Ex-Piston Duerod set to retire as Detroit firefighter
Terry Duerod spent a moment in the sun and years in the heat.
He was a bench player on the 1980-81 NBA champion Celtics before becoming a Detroit firefighter, a position he’s held for 27 years.
He’s set to retire from his second career in July, when he turns 60, because of the department’s mandatory retirement policy.
As his career winds down, the man who poured champagne on Celtics legend Larry Bird and helped pour water on burning houses in Detroit is wondering what to do next.
“I guess I’ll just sit back and chill for a while,” said the Royal Oak native, who’s assigned to Engine 55 at Joy Road and Southfield on the city’s northwest side. “I haven’t done that in a long time.”
From Highland Park High, which he led to a state championship in 1975, to the University of Detroit, where he set a school record with 303 baskets in 1979, to a four-year NBA career, to his years driving rigs to Detroit fires, the man known during his playing days as “Sweet Doo” said he’s learned the value of teamwork.
“You rely on your guys, and they rely on you,” he said. “It’s the same in the NBA as it is on the job.”
Duerod, a 1993 inductee into the Titan Hall of Fame, was honored Feb. 11 with the school’s John Conti Letterman of Distinction Award, given to former varsity athletes who distinguish themselves in the community.
“Terry is one of the best players to play for Detroit,” athletic director Robert C. Vowels Jr. said in a written statement. “When you take a look at his playing career and now as a professional serving the community as a firefighter, he exemplifies what this award is all about.”
Duerod credits legendary Titans coach Dick Vitale with preparing him for the NBA — and life.
“He was a stern coach, but he taught you how to deal with things,” Duerod said. “He always stressed how to live your life the right way: Get your education. Be a good person. He was a great motivator.”
Sgt. Roberto Romero, who worked with Duerod at Engine 8, said the competitive spirit that carried him to the NBA never dwindled.
“He’s one of the best (fire engine operators) I’ve ever ran with,” he said. “He’s really competitive, which is probably why he’s so good at what he does. Nobody will beat him to a fire, that’s for sure.”
‘Special feeling’ in Boston
During Duerod’s sophomore year, Vitale left the Titans to became coach of the Pistons. When the 6-foot-2 guard graduated in 1979, he was reunited with his former coach after the Pistons drafted him in the third round (48th overall).
He averaged 9.3 points his rookie year, but Vitale was fired 12 games into the season, and Duerod was left unprotected in the 1980 expansion draft. He was picked up by the Mavericks.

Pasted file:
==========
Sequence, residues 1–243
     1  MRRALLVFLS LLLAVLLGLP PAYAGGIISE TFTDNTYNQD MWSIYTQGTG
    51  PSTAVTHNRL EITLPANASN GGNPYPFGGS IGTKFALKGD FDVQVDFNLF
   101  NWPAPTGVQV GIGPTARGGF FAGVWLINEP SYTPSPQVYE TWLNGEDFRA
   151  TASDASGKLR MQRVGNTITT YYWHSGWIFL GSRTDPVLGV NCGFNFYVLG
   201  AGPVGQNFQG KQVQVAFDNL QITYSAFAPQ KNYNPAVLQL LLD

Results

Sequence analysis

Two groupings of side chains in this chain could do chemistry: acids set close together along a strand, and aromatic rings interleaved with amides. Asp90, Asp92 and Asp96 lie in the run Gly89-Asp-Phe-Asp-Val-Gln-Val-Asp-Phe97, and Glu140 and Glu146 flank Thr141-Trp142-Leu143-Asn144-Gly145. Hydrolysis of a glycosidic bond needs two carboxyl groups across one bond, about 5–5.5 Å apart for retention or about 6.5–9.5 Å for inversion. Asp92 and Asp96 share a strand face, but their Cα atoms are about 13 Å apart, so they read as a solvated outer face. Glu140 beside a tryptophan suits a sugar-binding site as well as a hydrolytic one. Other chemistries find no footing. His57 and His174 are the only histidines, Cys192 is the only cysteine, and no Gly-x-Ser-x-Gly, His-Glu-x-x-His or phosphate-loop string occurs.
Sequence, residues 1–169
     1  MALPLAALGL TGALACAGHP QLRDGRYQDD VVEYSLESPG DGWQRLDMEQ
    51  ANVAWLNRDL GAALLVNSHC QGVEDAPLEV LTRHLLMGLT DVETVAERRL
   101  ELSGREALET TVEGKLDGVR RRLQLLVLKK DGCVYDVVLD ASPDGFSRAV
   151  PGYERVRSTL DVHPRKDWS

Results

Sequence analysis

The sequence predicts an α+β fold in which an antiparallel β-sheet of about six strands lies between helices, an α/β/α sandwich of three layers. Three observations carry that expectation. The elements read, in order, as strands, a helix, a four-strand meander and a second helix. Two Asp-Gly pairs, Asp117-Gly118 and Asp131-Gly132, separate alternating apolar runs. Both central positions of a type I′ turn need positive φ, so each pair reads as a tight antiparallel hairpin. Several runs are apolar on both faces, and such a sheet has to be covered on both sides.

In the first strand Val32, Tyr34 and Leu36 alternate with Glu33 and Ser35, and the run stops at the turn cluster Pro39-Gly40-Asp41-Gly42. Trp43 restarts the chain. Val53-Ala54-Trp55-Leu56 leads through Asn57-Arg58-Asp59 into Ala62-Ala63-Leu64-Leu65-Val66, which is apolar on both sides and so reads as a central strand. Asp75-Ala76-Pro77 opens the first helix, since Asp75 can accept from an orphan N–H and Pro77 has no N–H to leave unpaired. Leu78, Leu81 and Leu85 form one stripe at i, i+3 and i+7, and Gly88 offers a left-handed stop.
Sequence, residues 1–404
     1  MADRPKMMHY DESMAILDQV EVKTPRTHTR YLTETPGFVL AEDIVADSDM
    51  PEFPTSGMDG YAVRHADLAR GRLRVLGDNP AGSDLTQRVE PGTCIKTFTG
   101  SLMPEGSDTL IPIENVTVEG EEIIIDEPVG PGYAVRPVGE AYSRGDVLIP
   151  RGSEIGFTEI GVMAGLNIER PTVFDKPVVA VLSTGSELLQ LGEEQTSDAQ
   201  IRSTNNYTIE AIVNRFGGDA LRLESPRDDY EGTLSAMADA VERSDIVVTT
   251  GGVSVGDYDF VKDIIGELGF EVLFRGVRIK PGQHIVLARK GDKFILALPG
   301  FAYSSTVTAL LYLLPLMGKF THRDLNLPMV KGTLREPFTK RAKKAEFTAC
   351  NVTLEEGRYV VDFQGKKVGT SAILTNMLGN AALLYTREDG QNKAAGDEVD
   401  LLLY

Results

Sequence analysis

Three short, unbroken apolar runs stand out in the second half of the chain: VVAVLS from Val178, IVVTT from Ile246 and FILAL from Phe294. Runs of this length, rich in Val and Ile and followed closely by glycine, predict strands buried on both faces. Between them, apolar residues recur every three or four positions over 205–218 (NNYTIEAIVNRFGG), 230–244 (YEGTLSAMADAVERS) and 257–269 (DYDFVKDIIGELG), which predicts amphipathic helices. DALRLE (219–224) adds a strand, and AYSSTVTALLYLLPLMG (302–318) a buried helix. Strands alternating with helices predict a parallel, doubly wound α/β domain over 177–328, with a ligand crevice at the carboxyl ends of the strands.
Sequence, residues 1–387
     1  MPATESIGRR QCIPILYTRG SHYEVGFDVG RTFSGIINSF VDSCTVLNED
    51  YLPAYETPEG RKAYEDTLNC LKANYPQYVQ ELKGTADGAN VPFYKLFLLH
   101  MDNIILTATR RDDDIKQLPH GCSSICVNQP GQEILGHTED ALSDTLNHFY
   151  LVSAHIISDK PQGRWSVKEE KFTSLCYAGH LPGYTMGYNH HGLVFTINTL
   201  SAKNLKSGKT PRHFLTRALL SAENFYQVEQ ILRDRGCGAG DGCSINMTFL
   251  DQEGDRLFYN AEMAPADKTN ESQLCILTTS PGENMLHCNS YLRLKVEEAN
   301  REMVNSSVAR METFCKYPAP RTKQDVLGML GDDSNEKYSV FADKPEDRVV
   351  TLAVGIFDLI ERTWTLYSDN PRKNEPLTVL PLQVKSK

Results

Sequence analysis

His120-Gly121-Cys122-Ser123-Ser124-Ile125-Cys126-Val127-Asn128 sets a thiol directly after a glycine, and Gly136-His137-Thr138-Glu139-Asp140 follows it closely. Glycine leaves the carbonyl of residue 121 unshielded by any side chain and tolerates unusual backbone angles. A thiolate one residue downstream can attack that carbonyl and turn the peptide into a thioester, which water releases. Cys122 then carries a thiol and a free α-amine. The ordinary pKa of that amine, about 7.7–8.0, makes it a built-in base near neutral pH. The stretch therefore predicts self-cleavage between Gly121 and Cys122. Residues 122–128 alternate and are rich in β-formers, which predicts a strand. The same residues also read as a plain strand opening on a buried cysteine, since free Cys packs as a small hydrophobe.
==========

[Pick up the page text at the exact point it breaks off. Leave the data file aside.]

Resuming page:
The Mavericks released him after 18 games, and the Celtics signed him as a free agent. It was a fortuitous move: In Boston, he became a fan favorite and earned a championship ring. When he entered games, Celtic fans would chant, “Dooooo.”
“That was a special feeling, to have fans chanting for me like that,” he said. “I’ll never forget it.
“Bird, (Kevin) McHale, (Robert) Parish, (Nate) Tiny Archibald — they were all great guys. Larry (Bird) was a jokester. Those are relationships I’ll cherish the rest of my life.”
Duerod got into four games in the 1981 NBA Finals, finishing with six points and one steal as the Celtics beat the Rockets in six games.
He played another season with the Celtics before being cut. The Warriors signed him, but released him after five games, ending his 143-game career.
“After I got waived, I ended up going overseas to play,” he said. “I went to Italy and the Philippines. Basketball wasn’t as popular overseas then like it is now, and this was before the big money.
“In the NBA, the minimum back then was only about $30,000, and you made even less overseas. So when my career ended, I needed to find a job.”
Sparking fire team
He took the test to become a firefighter and was hired in 1989. Most of his career has been driving fire trucks.
Despite his former notoriety, Duerod says he’s able to fool fellow firefighters during pickup basketball games.
“When I first start playing with some of these young guys, they don’t know who I am, and I don’t say anything,” Duerod said. “Their friends will finally tell them, ‘Don’t you know who you’re playing with? He was in the NBA.’ ”
Duerod plays on the fire department’s basketball team.
“We won 11 championships,” he said. “The big rivalry was between us and the cops. They wanted to beat us so bad, but they couldn’t until we got old.”
Duerod, who lives in Westland with his wife of 34 years, Rosemary, said he’ll miss the camaraderie of the firehouse.
“When you stay with these guys for days at a time, you become like family,” Duerod said. “You get to know people’s personalities. It’s really an experience.
“I had a great run. I can really say my life has been exciting. I was in the NBA. I traveled the world and had fun. And I’ve had a long career on the fire department with a great bunch of guys. What else could I ask for?”